A Google Maps screenshot.
Over 2,000 gallons of produced water spilled near the Port of Long Beach Sunday morning and entered a nearby storm drain after an underground injection pipeline broke, according to a hazardous materials spill report from the governor’s Office of Emergency Services.
On-duty operators at Tidelands Oil Production Co., which operates the onshore portion of the Wilmington oil field through a contract with the city, discovered the release of produced water from a buried injection line on the 1500 block of Pier C Street at Pico Avenue at about 8:00AM on Sunday, January 31, said Kevin Tougas, manager of oil operations for the city’s Gas and Oil Department.
The production water—which is a byproduct of oil wells—is used in the oil extraction process, according to Long Beach Environmental Health Bureau (EHB) Manager Nelson Ker. He said it is generally brought to the surface during the process. The water already surrounds the oil/gas deposits underground and is commonly managed by being “reinjected” back underground, Kerr said.
“The water is usually high in salt content (brine) and may contain hydrocarbons from being around the oil deposits,” he said
About 50 barrels, 2,100 gallons, of produced water surfaced through the asphalt in a parking lot at the location, with some of it entering a nearby storm drain, Tougas said. There were no injuries and no impact on wildlife, he added. The spill also did not damage any vehicles or flood any streets.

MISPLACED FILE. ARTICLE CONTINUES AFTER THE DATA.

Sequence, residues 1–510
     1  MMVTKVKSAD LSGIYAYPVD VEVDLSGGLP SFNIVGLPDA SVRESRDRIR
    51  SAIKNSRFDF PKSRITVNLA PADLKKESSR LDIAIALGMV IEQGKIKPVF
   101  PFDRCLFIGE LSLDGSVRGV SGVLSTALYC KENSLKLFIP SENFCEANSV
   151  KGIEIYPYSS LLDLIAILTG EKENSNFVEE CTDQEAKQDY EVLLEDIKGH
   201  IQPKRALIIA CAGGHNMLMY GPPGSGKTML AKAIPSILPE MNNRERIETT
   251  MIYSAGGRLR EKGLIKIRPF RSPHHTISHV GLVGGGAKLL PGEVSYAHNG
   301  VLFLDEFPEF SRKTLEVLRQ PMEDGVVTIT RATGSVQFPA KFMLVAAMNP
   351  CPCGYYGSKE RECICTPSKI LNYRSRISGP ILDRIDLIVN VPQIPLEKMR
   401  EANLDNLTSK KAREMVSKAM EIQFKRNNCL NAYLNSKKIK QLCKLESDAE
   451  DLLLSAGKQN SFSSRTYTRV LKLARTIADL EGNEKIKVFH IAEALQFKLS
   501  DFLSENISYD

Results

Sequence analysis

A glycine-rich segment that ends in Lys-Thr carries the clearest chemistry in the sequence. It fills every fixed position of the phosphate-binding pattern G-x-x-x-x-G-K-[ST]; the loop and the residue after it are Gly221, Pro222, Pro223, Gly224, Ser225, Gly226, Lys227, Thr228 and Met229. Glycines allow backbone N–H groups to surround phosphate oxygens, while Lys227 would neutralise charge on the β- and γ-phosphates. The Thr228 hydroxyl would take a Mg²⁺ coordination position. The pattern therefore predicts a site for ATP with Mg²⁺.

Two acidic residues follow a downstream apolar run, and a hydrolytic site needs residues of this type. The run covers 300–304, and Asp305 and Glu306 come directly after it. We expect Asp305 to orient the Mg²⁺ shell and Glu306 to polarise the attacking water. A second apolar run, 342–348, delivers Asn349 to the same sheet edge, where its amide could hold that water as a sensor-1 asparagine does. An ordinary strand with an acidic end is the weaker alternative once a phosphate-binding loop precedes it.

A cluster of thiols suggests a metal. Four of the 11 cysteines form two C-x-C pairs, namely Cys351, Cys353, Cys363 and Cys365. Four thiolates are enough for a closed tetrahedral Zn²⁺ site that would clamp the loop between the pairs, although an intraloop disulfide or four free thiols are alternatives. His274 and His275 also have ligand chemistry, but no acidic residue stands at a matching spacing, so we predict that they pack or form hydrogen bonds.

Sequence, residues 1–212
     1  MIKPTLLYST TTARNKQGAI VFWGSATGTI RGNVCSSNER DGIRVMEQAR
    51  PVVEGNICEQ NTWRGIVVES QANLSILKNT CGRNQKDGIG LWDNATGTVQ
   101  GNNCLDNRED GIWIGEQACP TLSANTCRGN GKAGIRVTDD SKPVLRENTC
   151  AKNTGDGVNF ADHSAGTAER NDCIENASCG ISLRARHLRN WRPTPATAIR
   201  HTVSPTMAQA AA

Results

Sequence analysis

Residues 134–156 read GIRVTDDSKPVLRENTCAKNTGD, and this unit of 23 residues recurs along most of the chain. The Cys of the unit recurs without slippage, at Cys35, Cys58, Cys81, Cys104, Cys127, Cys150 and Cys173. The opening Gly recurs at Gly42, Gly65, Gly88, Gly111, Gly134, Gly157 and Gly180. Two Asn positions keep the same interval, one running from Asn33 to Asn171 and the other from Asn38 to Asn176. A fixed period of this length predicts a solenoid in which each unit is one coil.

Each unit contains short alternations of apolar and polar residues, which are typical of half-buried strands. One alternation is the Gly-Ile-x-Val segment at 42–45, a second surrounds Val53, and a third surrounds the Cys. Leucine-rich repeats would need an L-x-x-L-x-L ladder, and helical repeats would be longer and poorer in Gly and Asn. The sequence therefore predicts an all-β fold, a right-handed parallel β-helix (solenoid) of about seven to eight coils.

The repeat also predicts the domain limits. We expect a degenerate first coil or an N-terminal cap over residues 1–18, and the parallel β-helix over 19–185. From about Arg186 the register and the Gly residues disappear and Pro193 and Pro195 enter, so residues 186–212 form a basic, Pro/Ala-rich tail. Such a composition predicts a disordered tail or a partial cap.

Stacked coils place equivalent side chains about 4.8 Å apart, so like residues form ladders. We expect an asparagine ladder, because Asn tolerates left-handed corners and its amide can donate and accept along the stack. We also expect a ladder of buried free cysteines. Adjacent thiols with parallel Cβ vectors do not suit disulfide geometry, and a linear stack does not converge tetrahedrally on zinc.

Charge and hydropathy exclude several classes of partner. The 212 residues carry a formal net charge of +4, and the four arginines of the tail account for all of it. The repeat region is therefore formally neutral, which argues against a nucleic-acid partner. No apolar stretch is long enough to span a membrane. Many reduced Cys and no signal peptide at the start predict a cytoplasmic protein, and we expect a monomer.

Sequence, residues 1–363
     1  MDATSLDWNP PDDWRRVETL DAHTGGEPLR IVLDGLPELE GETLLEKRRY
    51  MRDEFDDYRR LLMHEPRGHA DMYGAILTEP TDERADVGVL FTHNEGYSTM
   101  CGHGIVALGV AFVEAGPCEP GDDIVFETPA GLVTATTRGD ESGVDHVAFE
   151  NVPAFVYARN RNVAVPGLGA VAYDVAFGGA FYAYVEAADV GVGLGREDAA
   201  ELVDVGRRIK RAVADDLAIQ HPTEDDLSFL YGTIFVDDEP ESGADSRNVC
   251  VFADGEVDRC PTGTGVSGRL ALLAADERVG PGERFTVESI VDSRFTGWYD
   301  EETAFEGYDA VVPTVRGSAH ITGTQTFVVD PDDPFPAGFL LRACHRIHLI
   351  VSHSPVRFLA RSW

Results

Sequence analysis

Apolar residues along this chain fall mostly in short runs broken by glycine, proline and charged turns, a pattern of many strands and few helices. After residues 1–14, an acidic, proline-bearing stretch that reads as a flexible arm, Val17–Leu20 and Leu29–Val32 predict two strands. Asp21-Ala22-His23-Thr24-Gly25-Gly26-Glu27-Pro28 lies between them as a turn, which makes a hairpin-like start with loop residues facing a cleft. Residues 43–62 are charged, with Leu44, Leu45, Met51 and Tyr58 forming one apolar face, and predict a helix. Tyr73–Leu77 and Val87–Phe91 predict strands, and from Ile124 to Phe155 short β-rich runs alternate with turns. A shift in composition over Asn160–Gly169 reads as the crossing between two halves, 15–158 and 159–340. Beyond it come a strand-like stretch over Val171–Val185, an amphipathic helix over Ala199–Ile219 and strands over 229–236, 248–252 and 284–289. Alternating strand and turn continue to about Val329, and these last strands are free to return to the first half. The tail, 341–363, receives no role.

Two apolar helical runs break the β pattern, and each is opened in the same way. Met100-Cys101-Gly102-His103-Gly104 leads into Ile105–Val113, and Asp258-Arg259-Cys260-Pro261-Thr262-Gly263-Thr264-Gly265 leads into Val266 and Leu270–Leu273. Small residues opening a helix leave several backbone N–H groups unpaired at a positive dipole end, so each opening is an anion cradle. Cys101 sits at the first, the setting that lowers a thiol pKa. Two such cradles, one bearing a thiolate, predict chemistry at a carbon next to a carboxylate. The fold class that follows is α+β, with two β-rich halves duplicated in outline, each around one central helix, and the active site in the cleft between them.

The spill report stated that about 2,250 gallons of produced water was released onto the soil and pavement. It was not known how much of the water entered the storm drain.
Numerous local agencies responded to the incident, including the Long Beach Fire Department, U.S. Coast Guard, the Los Angeles County Fire Department’s Health HazMat division, South Coast Air Quality Management District and the city’s EHB.
The EHB inspector, along with the U.S Coast Guard, checked the water in the port for impacts, but none were observed, according to Kerr.
Tidelands personnel were able to isolate the line and the storm drain and notified appropriate agencies, Tougas said. The release was eventually contained with no sheen observed at the storm drain outfall, Tougas added.
Cleanup was completed that same day by a licensed contractor, Kerr said. The cause of the leak is still being determined, according to officials.